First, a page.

Last week I experienced the crushing heartache of a young boy gripped by a real fear. His aunt had overdosed and was not expected to live. Here he was at school, with all the ridiculousness of middle school going on all around him, and he was worried, afraid, and grieving for someone close to him that he may not ever see again. She was miles away in another town and he was helpless.

I’ve had students who have lost siblings and parents while under my care. I’ve known some who have attempted suicide and others who have been tugged through a messy divorce.

As teachers, we are a part of a student’s life for hours on end. We can make the most of our relationship with them by being more perceptive and understanding. But most importantly, we can take them to the Lord in prayer.

Conversations

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The conversations we have at the water cooler, coffee machine or lounge can be used by God to transforms people’s lives. People meet Jesus in unusual places all the time. ” – Woodrow Kroll

Think about the woman who met Jesus at the well, or Zacchaeus who was summoned down from the tree where he had climbed. Or the fishermen who were called away from fishing to follow Christ. Jesus preached in the synagogue, but He didn’t stay there. He went to where the people were. That’s something to think about.

And when Jesus came to the place, He looked up and saw him, and said to him, ‘Zacchaeus, make haste and come down, for today I must stay at your house’ – Luke 19:5

The Salt of theEarth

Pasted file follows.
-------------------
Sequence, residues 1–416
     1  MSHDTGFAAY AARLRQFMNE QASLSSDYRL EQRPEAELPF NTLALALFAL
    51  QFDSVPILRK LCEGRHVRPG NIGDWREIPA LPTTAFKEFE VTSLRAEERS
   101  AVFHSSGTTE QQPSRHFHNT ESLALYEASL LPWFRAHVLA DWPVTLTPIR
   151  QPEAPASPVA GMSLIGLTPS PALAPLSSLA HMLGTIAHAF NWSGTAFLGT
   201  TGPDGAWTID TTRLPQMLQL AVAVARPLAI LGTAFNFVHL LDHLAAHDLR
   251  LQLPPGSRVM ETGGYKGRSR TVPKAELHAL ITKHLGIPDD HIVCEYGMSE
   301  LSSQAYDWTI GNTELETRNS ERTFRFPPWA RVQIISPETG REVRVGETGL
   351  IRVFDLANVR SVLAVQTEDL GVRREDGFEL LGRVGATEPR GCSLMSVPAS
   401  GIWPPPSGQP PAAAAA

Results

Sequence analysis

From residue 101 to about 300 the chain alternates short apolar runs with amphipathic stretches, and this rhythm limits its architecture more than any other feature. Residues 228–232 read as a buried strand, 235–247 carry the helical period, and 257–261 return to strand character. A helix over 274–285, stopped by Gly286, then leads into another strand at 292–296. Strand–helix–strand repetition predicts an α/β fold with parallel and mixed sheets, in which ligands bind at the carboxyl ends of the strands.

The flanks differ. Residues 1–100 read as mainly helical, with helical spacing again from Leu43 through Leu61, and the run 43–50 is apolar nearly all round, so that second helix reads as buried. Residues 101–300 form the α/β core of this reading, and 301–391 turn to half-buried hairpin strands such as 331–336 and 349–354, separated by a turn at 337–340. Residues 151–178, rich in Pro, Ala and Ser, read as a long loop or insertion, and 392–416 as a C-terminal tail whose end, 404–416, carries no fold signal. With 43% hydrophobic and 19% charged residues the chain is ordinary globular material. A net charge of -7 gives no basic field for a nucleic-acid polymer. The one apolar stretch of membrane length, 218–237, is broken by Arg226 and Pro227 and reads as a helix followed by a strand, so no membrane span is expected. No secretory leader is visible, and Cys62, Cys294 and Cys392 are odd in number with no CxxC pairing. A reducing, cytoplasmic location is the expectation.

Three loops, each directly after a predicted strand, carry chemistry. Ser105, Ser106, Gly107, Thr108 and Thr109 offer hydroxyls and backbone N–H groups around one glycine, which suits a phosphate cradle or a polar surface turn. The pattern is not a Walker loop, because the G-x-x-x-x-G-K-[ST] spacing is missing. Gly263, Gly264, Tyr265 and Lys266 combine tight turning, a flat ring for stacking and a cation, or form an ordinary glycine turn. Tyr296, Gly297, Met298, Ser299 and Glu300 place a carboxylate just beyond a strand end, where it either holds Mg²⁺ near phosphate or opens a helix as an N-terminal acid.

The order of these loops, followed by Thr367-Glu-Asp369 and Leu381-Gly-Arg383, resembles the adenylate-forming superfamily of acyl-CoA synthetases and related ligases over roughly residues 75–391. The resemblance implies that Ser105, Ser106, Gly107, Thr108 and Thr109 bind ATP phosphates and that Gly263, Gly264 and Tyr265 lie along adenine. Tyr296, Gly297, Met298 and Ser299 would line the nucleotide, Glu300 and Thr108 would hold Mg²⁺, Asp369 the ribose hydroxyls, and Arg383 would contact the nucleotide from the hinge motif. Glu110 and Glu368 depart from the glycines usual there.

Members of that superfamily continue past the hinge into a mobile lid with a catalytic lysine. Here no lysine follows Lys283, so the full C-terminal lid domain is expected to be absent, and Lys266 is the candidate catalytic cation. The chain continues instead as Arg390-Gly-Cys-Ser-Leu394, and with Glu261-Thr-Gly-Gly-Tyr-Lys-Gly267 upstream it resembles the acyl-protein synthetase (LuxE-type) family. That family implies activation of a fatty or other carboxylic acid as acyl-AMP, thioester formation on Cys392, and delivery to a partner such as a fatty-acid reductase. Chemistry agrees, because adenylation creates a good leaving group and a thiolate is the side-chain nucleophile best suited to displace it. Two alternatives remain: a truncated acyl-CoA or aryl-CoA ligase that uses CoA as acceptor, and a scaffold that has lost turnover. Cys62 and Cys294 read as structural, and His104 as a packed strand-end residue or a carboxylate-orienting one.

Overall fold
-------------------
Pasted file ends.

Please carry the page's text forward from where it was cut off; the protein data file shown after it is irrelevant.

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Notes from 9/14/14 and today

Salt enhances flavor. I’m learning this more and more as I’ve been cooking a lot of beans lately. Too little does little good. Too much can burn. Applying this to the idea of Christians being salt in this world, it makes a lot of sense. We are not to be over zealous, especially in the way we talk. We are to be gentle and meek.

Do I give flavor or suck the flavor out? The gospel itself is offensive to the lost, but my character should not be offensive. Salt also creates thirst. So, too, should my life cause others to thirst after Christ.

If I am the salt of the earth, then the earth is being seasoned by me – one of His people.

How salty am I? How consistent am I? How intentional am I?

“You are the salt of the earth; but if the salt loses its flavor, how shall it be seasoned? It is then good for nothing but to be thrown out and trampled underfoot by men” Mathew 5:13

Religious?

Image   I took a “Social Attitude Test”   online today. Not sure what to think of myself. It says I am a tender-hearted  moderate conservative. It also says this is the profile one might associate with a sincere clergyman! I am “Trusting of religion and have a compassionately humanistic attitude toward humanity in general”. Hmm.

I’m also said to be economically right-wing. And politically I’m an idealist with few strong opinions.

So, what in the world does this gobbledy-gook mean? I like the part about being tender-hearted. That’s a nice way to think about myself.  I’m no clergyman, but I hope I AM sincere.

 It’s the trusting of religion part that bothers me. If I go by most of the world’s thoughts on religion, that could mean a lot of things. I don’t want to be religious in the Webster’s dictionary sort of way which says “relating to or manifesting faithful devotion to an acknowledged ultimate reality or deity”. God is so much more than an ultimate reality.

But, the Bible does give us a definition of religion in James 1:27:

Religion that is pure and undefiled before God, the Father, is this: to visit orphans and widows in their affliction, and to keep oneself unstained from the world.

So, if someone calls me religious, I would hope it is for this reason. I am a Christian, and this is the kind of religious I want to be. 

(Ilustration “Love” by graur razvan ionut)